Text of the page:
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CH4 emission from a hollow-ridge complex in a raised bog: The role of CH4 production and oxidation

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Abstract

The aim of this study was to correlate magnitude andcontrols of CH4 fluxes with the microtopographyand the vegetation in a hollow-ridge complex of araised bog. High CH4 emission rates were measuredfrom hollows and mud-bottom hollows, while hummocksconsumed atmospheric CH4 at a low rate. Thehighest emissions were measured from plots with Eriophorum vaginatum and Scheuchzeriapalustris. CH4 emission ceased after Scheuchzeria had been clipped below the water table,indicating the importance of this aerenchymatic plantas a conduit for CH4.

Peat in the upper catotelm of hollows was younger andless decomposed than in hummocks. Potential CH4production in vitro was higher and themethanogenic association was better adapted to highertemperatures in hollow than in hummock peat. Highertemperatures in hollows resulted in a strongerCH4 source in hollows than in hummocks. Negativefluxes from hummocks indicated that even in wetlandsmethanotrophic bacteria exist that are able to oxidizeCH4 at atmospheric mixing ratios, and thatoxidation controls CH4 emission completely. TheCH4 mixing ratio was low in the acrotelm, but itincreased within the catotelm. Comparing fluxesmeasured in static chambers with fluxes calculatedfrom the porewater CH4 profiles it was deducedthat the zone of methane oxidation was located closeto the water table.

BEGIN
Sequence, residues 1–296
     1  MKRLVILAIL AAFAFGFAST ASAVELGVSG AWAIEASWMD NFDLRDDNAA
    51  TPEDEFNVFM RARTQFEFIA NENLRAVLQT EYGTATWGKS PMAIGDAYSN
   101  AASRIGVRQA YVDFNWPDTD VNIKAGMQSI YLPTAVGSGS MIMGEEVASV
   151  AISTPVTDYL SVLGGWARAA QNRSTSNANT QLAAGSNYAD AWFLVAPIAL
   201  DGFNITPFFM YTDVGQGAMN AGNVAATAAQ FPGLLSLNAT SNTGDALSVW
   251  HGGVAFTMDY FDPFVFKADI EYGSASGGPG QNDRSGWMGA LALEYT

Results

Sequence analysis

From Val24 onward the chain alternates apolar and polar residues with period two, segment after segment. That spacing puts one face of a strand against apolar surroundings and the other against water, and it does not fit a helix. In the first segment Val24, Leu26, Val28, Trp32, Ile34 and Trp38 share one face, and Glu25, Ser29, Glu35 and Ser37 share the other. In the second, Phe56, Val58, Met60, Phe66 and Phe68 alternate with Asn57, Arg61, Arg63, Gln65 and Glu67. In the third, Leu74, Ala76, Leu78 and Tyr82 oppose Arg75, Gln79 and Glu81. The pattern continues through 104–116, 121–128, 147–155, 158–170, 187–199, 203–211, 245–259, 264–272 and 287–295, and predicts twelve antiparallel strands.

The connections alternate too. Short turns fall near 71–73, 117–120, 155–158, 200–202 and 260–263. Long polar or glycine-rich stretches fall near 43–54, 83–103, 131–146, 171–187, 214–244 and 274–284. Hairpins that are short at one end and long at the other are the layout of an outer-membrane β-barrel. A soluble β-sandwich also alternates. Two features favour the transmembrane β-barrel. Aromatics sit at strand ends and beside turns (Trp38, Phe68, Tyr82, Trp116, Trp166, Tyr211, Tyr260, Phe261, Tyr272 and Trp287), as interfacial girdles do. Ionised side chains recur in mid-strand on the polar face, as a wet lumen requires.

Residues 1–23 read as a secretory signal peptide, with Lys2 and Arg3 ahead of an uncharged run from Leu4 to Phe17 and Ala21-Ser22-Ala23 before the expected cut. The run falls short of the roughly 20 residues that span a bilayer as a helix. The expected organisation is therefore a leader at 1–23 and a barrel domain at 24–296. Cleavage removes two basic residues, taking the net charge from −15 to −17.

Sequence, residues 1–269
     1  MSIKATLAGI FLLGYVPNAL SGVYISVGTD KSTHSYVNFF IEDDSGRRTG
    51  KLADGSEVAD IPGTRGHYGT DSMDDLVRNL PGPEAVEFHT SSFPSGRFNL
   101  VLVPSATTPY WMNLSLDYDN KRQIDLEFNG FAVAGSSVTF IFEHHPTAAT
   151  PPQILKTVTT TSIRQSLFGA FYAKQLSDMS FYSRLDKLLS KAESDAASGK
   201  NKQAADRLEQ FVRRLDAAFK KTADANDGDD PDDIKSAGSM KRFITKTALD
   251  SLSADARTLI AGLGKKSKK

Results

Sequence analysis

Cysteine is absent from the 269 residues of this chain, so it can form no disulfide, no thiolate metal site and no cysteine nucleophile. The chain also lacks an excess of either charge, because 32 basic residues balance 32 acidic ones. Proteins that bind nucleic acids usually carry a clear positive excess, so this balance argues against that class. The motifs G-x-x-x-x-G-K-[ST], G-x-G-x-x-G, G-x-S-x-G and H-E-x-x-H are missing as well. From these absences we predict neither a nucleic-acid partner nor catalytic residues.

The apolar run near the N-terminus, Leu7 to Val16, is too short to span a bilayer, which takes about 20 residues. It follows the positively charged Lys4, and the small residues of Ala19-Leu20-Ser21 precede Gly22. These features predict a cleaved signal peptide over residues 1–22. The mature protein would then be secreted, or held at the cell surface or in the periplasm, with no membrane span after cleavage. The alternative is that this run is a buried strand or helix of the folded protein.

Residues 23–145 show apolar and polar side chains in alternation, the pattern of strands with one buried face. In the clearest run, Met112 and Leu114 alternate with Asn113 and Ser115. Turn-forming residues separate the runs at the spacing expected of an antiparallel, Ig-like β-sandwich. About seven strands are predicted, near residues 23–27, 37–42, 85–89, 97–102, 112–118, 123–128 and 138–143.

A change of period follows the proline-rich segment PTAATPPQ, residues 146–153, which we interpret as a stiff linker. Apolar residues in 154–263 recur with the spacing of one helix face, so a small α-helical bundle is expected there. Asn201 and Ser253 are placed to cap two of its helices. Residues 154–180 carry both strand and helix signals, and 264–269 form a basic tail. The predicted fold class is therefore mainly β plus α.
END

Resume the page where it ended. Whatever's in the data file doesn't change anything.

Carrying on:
In hollows, CH4 production at in situtemperature was far higher than emission into theatmosphere, corresponding to an oxidation rate ofnearly 99%. The CH4 flux between the catotelmand the acrotelm of hollows was also higher than theemission, indicating the importance of CH4oxidation in the aerobic acrotelm, too. CH4microprofiles showed that CH4 oxidation inmud-bottom hollows was confined to the topmost 2 mm,and that in Sphagnum-covered hollows CH4oxidation occurred at the lower edge of green Sphagnum-parts.

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Frenzel, P., Karofeld, E. CH4 emission from a hollow-ridge complex in a raised bog: The role of CH4 production and oxidation. Biogeochemistry 51, 91–112 (2000). https://doi.org/10.1023/A:1006351118347

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